www.mobilecommand.net
     
  8. JeffM

    JeffM Guest

    Should I trade off viewing angle to get the 2000 mcds?
    As Tim said, do think about a different (reflective) technology.
    If you're stuck on LEDs, recess them into a black substrate.
     
  9. Irish LaidE

    Irish LaidE Guest

    try luminex.com
     
  10. Jason Hsu

    Jason Hsu Guest

  11. Tim Wescott

    Tim Wescott Guest

    Take a walk through the electronics department of your local store.
    Count the LED calculators. Count the plasma calculators. Count the LCD
    calculators.

    Maybe I'm wrong but I thought the OP was talking about handheld, battery
    powered equipment.

    If he's building stoplights, yes LED's are the right choice.
     
  12. 30 degree ~5,000 mcd (at 20 mA) and 45 degree 2,000-3,000 mcd (at 20 mA)
    are now available in orangish red, reddish orange, green and white.

    60 degrees is less common for high brightness LEDs and usually made with a
    diffused package, but should be able to exceed 1,000 mcd.

    There are rectangular flat-tip packages with a nominal viewing angle of
    100-120 degrees and those get around 500 mcd, maybe somewhat more
    nowadays (at least for green and white).

    - Don Klipstein ()
     
  13. Dave VanHorn

    Dave VanHorn Guest

    CMDA5-1 is the part number.
    The MCD rating is not spectacular, but they are surprisingly bright, and
    quite visible in full summer sun.
     
  14. G.Beat

    G.Beat Guest

  15. What LEDs do you use for a display that needs to be readable in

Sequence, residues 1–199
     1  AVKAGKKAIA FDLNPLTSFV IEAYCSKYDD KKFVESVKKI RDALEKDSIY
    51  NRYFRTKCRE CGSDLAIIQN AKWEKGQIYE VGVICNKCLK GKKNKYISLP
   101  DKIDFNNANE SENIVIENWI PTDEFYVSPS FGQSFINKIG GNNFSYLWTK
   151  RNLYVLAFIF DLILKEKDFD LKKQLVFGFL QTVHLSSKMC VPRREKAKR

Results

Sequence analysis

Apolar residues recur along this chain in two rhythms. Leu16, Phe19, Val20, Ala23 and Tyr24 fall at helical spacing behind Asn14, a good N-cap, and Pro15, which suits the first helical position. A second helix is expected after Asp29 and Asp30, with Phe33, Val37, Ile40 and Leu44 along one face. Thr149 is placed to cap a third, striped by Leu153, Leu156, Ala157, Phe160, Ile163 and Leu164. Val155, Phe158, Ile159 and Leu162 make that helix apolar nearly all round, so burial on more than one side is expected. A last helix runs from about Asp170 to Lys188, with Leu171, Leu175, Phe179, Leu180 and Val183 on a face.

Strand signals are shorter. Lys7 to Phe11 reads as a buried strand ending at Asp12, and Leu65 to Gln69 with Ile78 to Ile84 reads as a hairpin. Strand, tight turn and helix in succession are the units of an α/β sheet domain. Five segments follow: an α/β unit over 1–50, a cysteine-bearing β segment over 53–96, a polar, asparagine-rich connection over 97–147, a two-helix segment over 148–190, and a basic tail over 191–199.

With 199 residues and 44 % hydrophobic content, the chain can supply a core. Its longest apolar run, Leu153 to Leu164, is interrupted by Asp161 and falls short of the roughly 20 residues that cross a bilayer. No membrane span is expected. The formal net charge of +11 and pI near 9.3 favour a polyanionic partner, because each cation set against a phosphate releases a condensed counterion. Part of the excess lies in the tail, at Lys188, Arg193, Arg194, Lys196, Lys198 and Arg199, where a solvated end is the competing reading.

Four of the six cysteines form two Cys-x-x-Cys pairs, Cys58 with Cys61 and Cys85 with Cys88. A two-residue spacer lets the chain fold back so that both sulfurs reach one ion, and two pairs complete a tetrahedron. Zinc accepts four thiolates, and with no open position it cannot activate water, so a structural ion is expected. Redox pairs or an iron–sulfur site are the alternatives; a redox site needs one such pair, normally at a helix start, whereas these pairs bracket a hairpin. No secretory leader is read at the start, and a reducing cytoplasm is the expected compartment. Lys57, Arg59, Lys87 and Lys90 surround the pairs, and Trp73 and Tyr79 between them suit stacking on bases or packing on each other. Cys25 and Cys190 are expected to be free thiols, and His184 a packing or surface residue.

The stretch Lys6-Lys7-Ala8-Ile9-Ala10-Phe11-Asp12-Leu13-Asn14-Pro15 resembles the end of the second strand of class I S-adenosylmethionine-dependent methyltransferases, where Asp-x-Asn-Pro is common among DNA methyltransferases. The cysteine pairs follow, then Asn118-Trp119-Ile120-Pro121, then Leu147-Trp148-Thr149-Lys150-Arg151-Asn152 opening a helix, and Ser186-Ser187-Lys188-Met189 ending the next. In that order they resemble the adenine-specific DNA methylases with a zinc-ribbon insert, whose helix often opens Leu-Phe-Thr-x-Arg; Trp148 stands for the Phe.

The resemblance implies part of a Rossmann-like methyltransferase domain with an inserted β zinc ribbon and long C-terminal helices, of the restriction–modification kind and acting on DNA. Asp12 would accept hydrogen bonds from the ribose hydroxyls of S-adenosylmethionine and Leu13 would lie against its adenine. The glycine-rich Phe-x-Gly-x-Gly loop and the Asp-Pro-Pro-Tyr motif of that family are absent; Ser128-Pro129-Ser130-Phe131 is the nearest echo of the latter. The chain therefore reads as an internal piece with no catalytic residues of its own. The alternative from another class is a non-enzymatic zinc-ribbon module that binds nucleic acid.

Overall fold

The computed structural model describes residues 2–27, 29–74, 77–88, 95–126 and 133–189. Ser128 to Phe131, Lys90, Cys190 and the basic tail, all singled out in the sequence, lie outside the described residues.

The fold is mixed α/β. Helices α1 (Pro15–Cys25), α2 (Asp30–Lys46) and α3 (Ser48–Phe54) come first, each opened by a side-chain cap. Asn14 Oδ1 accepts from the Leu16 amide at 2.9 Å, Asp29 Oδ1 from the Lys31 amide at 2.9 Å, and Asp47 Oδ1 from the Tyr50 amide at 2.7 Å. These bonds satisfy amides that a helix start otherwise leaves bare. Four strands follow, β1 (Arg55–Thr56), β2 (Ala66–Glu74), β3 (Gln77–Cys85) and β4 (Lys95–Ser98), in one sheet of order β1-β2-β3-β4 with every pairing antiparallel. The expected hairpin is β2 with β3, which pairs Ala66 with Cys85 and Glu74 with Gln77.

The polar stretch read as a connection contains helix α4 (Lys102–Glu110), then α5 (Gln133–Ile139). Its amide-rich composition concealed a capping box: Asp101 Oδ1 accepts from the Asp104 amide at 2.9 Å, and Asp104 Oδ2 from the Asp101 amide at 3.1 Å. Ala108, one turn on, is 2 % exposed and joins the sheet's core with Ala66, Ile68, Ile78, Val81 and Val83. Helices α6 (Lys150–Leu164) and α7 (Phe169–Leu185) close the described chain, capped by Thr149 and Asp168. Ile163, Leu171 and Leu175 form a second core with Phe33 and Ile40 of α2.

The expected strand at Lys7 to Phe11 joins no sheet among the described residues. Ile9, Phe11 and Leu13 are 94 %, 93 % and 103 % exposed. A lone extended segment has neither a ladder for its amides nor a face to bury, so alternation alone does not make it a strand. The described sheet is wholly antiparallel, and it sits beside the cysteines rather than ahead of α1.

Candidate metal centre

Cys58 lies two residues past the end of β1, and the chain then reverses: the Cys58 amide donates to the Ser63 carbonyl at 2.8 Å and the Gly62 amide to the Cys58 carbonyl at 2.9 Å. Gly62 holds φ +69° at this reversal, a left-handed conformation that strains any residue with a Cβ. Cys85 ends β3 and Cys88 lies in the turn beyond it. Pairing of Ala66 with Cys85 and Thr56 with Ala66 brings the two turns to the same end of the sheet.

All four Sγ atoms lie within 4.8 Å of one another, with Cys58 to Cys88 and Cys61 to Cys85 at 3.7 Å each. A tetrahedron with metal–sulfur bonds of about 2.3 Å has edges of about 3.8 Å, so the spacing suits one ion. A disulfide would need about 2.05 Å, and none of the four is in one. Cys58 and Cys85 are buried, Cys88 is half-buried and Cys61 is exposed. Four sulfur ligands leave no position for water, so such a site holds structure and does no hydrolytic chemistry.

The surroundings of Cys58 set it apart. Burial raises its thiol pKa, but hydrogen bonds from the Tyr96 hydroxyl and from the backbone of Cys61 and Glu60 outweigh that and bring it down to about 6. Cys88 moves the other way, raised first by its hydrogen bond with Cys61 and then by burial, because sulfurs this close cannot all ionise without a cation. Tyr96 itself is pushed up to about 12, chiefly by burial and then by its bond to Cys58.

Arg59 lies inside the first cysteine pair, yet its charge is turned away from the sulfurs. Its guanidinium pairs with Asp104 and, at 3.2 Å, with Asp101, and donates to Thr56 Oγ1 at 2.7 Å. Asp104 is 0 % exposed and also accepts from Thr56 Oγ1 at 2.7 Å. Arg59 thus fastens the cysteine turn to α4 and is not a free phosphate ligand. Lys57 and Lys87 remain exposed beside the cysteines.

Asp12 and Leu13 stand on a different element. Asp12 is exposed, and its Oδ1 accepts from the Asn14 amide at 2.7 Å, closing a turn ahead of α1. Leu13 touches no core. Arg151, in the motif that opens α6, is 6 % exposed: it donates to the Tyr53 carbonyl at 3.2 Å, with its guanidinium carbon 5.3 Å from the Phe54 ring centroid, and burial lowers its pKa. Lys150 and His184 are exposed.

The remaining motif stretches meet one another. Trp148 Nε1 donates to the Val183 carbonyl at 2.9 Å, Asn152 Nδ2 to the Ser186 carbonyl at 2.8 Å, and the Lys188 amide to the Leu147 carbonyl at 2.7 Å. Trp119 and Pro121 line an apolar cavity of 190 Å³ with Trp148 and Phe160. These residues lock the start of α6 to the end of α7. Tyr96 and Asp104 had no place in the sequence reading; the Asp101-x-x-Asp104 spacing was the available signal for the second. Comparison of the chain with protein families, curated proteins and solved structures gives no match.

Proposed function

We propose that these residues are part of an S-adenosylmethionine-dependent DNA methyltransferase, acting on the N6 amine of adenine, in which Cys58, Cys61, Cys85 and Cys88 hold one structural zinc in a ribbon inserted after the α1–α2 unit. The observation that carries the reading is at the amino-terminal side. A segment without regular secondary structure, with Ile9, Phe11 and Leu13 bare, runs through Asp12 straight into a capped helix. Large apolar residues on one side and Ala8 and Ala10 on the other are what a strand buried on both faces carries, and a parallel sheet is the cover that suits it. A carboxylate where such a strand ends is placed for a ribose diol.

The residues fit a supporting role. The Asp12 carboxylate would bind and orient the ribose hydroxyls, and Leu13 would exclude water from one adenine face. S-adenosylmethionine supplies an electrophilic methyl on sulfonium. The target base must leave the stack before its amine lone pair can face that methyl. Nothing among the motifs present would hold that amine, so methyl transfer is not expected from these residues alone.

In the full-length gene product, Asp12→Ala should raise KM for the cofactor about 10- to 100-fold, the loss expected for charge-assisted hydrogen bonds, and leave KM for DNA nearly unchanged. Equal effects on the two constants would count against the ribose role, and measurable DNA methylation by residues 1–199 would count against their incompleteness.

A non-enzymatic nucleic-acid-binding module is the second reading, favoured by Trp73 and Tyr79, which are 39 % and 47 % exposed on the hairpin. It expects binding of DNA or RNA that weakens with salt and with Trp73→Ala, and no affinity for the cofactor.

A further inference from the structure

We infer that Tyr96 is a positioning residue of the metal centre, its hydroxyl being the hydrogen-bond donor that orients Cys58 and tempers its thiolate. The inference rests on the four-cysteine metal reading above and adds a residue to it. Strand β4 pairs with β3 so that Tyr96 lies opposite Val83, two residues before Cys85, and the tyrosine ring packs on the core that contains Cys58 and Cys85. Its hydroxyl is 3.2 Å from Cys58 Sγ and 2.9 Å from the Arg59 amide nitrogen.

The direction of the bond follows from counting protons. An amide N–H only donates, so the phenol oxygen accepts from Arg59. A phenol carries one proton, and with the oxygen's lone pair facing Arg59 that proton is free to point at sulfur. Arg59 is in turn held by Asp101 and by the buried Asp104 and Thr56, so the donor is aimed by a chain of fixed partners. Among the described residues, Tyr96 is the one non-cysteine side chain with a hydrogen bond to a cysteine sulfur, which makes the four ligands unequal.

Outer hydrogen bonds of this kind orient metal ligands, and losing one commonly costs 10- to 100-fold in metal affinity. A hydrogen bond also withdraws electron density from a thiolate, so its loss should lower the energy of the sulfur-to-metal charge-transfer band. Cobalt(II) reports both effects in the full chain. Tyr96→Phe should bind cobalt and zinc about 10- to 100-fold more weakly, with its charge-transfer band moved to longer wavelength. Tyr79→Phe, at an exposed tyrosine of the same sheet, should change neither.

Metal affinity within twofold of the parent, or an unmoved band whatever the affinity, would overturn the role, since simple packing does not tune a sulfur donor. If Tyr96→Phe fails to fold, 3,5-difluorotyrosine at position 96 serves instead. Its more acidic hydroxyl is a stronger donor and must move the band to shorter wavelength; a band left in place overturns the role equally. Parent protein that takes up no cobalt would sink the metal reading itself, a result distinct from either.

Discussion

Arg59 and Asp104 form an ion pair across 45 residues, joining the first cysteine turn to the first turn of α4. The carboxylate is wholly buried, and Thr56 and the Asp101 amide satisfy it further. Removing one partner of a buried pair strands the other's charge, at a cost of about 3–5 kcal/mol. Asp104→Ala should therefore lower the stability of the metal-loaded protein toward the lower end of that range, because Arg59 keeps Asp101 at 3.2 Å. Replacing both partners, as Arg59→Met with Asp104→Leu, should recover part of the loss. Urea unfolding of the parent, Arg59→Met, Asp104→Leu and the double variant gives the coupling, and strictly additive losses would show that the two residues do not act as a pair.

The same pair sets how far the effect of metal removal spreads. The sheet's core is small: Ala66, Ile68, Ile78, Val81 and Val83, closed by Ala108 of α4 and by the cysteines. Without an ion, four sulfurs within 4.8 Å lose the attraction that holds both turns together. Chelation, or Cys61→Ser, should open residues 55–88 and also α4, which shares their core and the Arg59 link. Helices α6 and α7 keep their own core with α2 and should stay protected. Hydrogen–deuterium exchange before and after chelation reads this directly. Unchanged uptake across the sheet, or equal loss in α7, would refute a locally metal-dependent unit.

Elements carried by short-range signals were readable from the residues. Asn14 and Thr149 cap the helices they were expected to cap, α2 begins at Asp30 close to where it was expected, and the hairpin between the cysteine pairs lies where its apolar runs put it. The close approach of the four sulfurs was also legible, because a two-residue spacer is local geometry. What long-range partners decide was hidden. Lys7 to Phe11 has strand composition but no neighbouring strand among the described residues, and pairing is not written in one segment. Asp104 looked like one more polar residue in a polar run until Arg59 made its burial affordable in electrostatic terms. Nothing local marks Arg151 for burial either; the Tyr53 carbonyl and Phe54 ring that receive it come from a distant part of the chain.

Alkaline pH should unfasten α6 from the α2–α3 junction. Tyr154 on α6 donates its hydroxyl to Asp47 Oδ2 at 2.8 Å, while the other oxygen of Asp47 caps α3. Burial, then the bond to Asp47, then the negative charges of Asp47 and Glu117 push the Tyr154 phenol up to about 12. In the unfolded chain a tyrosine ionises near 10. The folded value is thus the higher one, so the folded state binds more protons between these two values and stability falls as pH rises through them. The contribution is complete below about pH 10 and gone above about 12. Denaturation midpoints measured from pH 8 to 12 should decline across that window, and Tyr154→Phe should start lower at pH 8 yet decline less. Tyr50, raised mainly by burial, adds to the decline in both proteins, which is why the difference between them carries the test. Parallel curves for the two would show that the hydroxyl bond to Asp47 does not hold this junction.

Yes... but actually that's not where your thinking and mine diverged.
    I'm not sure why, but I was thinking of transmissive LCDs (i.e.
    backlit color TFTs and STNs), which by and large are totally
    unreadable in sunlight.
     
  16. Tim Wescott

    Tim Wescott Guest

    I have a radio from Tandy Aerospace in my truck. It's an otherwise
    cheap piece of crap (the radio, the radio), but it _does_ have an
    always-on LCD clock that's reflective when the truck's off and backlit
    when the truck's on. Very nice. Doesn't make up for the sound when
    it's turned on, though...
     
  17. Tim

    Tim Guest

    OK, I built a small 4 digit score board for use outside, and I used LEDS
    I salvaged from clusters I bought on E-Bay. The clusters were red/green
    mix, and the red ones really are bright in sunlight. Oddly enough the
    guy e-mailed me recently to say he had more of 'em for sale.

    Here's the web addy he gave me;

    http://www.evaluecomp.com
    (The clusters are on page 5 of the LED list)

    It takes a fair amount of effort to get the leds out of the clusters. I
    just cut the case off, and used a blow torch and heated the base until
    the solder got hot enough to pull the pcb off the back, then I just
    broke apart the expoxy or glue or whatever and retrieved the leds. I had
    about 93% success rate, with the other 7% damaged or failed after they
    were removed.

    Works nice, even at the beach, but the green ones can be hard to see
    sometimes.

    - Tim -